From the last days of December 2019, when the occurrence of several cases of unfamiliar pneumonia were reported in Wuhan, China, to the present day where more than 11.5 million cases and well over 500,000 deaths have resulted from infection with the causative agent, SARS-CoV-2, it has been a matter of concern to find effective ways of surveillance and management of this illness, now termed COVID-19.
Novel Coronavirus SARS-CoV-2 Colorized scanning electron micrograph of an apoptotic cell (tan) heavily infected with SARS-CoV-2 virus particles (orange), isolated from a patient sample. Image captured at the NIAID Integrated Research Facility (IRF) in Fort Detrick, Maryland. Credit: NIAID
Sewage May Predict Outbreak
A preliminary report from Chile describes the detection of severe acute respiratory syndrome coronavirus 2 (SARS-CoV-2) in sewage as a sensitive method to assess the circulation of viruses within a community.
The study, published on the preprint server medRxiv* in July 2020, shows that this could become an important surveillance tool to warn of an impending epidemic or a rise in cases.
The first case in Chile was detected on March 3, 2020. From then onwards, the number of cases has surged, with nearly 300,000 cases as of July 7, 2020. This comes to a rate of over 1,500 per 100,000 inhabitants.
The peak appears to be in the metropolitan area of Santiago, where there are more than 220,000 cases and the cumulative incidence rate of over 2,700 per 100,000 residents. To gauge the intensity of viral circulation, the researchers used an established method of epidemiological surveillance – detection of the virus in wastewater.
Fecal Shedding of SARS-CoV-2
This method has been used to assess the circulation of various viral agents, including hepatitis A, hepatitis E, wild and vaccine-derived strains, norovirus, and human polyomavirus 2. Infected individuals shed viruses in their feces, secondary to infection of the intestinal epithelium with the virus.
Fecal shedding is often heavy and typically prolonged. The viral load may go up to more than 1 x 106 copies of the viral RNA. However, many infected individuals are asymptomatic, and therefore never diagnosed or detected, even though they can shed the virus through their respiratory and gastrointestinal secretions and excretion.
In essence, the level of circulating virus is known only from the appearance of moderate to severe symptoms that may require hospitalization, or unless mass screening is carried out in order to allow early detection of the infection. This is the context in which the current study on detecting viral loads in sewage. The potential role that could be played by this tool in the surveillance of the pandemic is borne out by some earlier studies.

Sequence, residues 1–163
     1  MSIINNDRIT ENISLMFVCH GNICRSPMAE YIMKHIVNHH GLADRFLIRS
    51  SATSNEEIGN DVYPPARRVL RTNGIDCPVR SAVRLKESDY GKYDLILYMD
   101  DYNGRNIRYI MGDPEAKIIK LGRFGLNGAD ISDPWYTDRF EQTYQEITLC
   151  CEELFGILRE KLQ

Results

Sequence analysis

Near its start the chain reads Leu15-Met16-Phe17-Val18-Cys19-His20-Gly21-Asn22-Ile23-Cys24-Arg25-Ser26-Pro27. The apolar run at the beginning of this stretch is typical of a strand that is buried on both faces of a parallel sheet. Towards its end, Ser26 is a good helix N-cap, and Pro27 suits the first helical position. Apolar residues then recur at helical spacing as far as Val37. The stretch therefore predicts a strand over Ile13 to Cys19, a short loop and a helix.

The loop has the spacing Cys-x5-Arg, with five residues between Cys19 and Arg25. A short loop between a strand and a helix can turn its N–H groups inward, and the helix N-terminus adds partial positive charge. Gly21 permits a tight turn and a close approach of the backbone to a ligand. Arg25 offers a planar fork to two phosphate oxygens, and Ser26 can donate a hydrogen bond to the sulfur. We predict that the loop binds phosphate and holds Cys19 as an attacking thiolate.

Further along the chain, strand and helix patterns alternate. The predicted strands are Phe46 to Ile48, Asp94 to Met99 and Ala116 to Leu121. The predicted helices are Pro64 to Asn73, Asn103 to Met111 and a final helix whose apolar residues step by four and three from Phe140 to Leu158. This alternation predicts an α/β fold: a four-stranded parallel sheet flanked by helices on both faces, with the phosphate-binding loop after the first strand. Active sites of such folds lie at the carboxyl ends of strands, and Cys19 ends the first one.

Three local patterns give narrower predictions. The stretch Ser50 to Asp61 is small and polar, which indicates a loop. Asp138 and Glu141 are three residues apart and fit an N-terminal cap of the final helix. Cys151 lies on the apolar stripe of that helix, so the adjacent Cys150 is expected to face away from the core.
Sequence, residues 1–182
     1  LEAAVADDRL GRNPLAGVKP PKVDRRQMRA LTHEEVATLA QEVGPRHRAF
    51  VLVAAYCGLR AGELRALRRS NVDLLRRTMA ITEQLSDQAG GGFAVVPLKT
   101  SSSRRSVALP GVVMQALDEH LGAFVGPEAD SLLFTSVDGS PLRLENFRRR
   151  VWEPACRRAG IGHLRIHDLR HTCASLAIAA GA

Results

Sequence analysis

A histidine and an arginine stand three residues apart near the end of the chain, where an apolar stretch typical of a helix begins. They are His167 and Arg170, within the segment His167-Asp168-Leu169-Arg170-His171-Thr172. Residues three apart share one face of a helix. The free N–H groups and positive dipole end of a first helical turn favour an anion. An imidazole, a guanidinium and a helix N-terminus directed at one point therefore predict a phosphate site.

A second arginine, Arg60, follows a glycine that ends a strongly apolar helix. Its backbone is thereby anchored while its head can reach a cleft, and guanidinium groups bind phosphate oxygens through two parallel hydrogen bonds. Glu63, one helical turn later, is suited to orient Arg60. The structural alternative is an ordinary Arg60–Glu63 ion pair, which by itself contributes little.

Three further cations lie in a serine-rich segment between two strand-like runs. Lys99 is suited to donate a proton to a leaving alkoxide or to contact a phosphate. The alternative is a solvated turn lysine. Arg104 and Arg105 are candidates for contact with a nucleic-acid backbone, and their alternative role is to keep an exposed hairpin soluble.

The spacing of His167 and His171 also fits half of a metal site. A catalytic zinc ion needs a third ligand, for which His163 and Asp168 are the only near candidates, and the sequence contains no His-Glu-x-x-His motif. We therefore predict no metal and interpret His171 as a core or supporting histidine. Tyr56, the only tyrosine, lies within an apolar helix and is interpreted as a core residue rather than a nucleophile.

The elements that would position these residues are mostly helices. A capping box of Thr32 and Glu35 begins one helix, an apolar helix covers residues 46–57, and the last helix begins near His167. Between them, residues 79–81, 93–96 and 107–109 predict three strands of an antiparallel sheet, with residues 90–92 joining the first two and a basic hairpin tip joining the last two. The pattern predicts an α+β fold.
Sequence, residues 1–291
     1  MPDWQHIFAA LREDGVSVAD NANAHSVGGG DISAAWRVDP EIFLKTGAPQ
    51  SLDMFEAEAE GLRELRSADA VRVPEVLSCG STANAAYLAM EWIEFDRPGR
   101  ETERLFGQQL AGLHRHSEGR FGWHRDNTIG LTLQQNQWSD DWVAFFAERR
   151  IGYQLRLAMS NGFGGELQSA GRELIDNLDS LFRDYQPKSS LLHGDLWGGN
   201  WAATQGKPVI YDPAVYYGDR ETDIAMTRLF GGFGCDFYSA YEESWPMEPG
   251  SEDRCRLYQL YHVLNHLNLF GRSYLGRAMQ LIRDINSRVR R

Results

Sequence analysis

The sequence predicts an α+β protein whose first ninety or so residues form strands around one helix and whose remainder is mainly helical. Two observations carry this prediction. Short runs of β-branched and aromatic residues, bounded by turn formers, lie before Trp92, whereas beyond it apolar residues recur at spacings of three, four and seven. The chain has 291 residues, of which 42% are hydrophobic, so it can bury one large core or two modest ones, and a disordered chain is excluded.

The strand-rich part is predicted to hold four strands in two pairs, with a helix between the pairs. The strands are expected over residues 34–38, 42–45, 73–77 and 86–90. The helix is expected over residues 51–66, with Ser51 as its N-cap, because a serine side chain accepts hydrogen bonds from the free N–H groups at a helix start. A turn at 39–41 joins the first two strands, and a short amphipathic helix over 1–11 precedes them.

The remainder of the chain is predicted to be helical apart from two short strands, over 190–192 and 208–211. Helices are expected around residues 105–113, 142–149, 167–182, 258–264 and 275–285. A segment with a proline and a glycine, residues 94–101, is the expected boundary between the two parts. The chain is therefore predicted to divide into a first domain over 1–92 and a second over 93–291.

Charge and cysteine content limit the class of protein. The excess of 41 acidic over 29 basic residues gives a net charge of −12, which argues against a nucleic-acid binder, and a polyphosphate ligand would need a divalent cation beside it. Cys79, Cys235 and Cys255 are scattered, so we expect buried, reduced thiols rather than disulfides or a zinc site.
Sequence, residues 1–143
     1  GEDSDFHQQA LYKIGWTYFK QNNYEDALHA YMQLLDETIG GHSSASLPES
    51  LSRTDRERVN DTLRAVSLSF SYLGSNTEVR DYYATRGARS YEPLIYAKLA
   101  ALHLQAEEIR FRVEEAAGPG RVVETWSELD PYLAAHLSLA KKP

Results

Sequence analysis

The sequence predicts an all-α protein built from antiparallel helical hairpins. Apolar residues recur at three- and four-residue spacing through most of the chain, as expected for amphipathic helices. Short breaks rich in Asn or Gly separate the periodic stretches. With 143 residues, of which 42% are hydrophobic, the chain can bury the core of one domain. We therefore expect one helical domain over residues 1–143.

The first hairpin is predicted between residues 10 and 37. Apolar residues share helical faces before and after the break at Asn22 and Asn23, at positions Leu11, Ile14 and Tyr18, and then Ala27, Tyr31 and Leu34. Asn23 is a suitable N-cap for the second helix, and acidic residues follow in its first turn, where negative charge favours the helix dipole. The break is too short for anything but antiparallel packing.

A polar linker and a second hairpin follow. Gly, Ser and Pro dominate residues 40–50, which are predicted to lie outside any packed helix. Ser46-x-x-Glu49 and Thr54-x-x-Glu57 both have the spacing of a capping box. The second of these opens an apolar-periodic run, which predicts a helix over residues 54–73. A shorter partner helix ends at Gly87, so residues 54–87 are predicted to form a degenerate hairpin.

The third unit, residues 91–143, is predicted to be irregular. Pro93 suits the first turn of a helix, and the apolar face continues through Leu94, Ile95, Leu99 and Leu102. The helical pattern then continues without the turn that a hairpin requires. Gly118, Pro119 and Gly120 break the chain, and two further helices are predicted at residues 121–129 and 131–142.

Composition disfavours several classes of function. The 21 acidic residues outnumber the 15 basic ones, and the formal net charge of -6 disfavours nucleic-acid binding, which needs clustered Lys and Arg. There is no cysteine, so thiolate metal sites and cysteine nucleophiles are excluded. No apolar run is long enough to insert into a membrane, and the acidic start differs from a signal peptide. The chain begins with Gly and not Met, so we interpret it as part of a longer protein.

The Study: Detecting the Virus in Sewage
The current study used composite raw sewage samples collected over 24 hours from two wastewater treatment plants (WWTPs). These plants collect and treat approximately 85% of the wastewater from the city of Santiago, a place that is home to about 8 million inhabitants. These two plants were sampled monthly from March to June 2020, using the inflow as well as the outflow from each.
The samples were collected in sterile polypropylene bottles, and care was taken to examine each the same day of collection. The investigators found that the virus was absent in all samples collected in March and April, probably because the number of cases was low. Below the critical level, the virus is undetectable.
Rising Viral Load Corresponds to Rising Cases
The samples from May and June were positive for the virus, with the copy number being within ranges that are comparable to those reported in earlier studies. The mean cycle threshold values were from about 28 to about 38. The number of genome copies rose steadily from May to June, in both WWTPs. This trend corresponded to the rise in the number of confirmed cases in Santiago.
All the samples were also examined for human polyomavirus 2, and were positive for it. The range of genomic copies/ml recovered for this virus was similar to the prior descriptions. This confirms the correctness of the procedure followed.
Conclusion and Application
The researchers conclude, “In both WWTP’s, the SARS-CoV-2 genome copy numbers progressively increased from May to June, which correlated with the increase in the number of estimated virus shedders in the community.”
The spread of the virus through feces, or the risk of acquiring infection via sewage exposure, is a theoretical possibility. However, it is not determined whether the virus remains stable in the environment for long.
“Our results demonstrated that the search for SARS-CoV-2 in sewage can be used as a predictive marker of the circulation of the virus in the population, including symptomatic and asymptomatic shedders, and therefore can be used as an early warning system as demonstrated years ago for the detection and control of poliovirus worldwide,” the researchers conclude.
medRxiv publishes preliminary scientific reports that are not peer-reviewed and, therefore, should not be regarded as conclusive, guide clinical practice/health-related behavior, or treated as established information.